The WSOP Poker Hall of Fame is often a point of contention in the community and now Daniel Negreanu wants to make some changes to reflect the current state of the game.
Every year the community nominates the players they believe are worthy of a place among poker’s elite.
This year, Carlos Mortensen and Todd Brunson made it through the public nomination process and received the most votes from the judges, but would things have been different if Negreanu was in charge?
Clearing Up Any Confusion
Despite congratulating his friends on their latest achievements, Negreanu believes the WSOP Poker Hall of Fame could benefit from some tweaks.
Discussing his ideas on the Full Contact Poker blog, Negreanu essentially calls for two things: greater clarity and a change to the voting system.
In his opinion, the criteria is too vague outdated. For example, the WSOP states that any nominee must have “played for high stakes.” As Negreanu correctly points out, the term “high stakes” is relative.
To some players, high stakes might be $5/$10. Ten years ago the term high stakes may have meant $100/$200. Today, thanks to the myriad of super high rollers on the live scene, $1,000/$2,000 could be classed as high stakes.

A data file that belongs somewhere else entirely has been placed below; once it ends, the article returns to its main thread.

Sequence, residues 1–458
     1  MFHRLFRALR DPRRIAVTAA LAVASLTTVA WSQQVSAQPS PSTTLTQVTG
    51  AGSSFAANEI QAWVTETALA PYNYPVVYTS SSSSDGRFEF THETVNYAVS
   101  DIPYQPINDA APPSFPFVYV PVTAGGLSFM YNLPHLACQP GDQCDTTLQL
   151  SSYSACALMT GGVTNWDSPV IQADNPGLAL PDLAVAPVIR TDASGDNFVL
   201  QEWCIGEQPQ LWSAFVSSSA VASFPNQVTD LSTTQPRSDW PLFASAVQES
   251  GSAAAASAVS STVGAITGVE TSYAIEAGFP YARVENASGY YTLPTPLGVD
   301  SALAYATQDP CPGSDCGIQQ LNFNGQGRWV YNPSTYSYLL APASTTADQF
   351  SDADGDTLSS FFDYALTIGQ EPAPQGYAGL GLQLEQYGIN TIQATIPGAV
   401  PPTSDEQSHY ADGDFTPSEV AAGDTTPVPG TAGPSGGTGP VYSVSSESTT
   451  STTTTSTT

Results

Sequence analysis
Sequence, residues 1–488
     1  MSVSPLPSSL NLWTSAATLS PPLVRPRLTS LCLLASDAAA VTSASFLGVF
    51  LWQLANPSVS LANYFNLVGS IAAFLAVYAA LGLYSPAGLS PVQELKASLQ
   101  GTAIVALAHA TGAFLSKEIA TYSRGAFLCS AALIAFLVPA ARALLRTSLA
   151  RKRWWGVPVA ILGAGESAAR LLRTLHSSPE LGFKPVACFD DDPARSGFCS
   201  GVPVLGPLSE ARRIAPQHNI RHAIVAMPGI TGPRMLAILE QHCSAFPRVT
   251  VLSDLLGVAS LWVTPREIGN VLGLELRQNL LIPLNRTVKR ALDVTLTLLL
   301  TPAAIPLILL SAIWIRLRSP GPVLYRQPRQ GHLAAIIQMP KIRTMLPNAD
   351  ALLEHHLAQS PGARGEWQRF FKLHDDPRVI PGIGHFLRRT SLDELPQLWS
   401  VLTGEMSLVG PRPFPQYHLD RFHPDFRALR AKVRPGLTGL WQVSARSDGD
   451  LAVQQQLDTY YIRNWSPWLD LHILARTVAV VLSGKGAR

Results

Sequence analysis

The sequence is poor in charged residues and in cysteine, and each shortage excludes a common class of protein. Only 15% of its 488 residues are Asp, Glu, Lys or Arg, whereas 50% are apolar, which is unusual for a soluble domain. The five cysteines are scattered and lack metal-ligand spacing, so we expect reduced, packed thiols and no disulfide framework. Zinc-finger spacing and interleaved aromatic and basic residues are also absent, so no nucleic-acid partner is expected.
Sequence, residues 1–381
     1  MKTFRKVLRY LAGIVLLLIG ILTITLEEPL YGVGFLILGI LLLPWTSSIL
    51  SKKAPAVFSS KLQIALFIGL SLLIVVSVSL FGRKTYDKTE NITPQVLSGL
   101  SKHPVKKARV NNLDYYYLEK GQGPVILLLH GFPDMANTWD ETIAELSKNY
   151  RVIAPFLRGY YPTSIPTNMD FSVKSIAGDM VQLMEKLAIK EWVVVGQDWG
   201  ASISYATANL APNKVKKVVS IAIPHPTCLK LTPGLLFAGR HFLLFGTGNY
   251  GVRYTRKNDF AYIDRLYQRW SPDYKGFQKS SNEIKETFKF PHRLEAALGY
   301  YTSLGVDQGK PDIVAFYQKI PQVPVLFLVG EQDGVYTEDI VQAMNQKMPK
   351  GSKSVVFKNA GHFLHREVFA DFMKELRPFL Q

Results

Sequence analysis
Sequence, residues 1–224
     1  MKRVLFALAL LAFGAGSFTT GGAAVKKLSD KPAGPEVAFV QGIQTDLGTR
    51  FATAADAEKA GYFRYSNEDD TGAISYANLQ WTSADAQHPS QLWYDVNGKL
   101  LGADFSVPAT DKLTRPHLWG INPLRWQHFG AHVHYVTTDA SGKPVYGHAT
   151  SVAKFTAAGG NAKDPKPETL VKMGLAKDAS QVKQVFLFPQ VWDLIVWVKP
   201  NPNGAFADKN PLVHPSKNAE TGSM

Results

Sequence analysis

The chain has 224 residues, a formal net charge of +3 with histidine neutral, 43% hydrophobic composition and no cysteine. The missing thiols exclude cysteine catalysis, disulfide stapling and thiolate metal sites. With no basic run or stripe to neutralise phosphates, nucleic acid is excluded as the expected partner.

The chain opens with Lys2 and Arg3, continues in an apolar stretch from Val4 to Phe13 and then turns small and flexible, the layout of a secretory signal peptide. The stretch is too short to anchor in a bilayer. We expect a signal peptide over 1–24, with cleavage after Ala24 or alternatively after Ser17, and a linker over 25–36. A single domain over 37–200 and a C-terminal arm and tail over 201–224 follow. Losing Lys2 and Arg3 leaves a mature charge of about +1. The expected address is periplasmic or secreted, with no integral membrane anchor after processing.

Given the relative ambiguity of the term, Negreanu believes that we should set the following limits:
$50/$100 for No Limit cash games
$400/$800 for Limit cash games
$10,000+ buy-ins for tournaments
Although these limits could still be a matter of debate, it does seem a much clearer way to define someone who has played at the top of the poker tree.
Fixing a Broken System
The other issue Negreanu wants to address is the way votes are cast. Once a batch of players has been set by the general public, a combination of media members and existing Hall of Famers are given ten votes each.
According to Negreanu, this is a “broken” system and leads to some unbalanced voting.
Under Negreanu’s system, voters would get two votes and they would have to rank their picks #1 and #2. The player with the most #1 votes is inducted.
If there is a tie, the number of #2 votes the tied players received will be taken into account. Similarly, the player with the second most #1 votes will take up the second spot in that year’s Hall of Fame.
Naturally, Negreanu is looking to spark some debate over the issue with his blog rather than criticize the current system or those who have benefited from it. So, what do you think? Could the system be given an overhaul and, if so, is Negreanu the man to do it?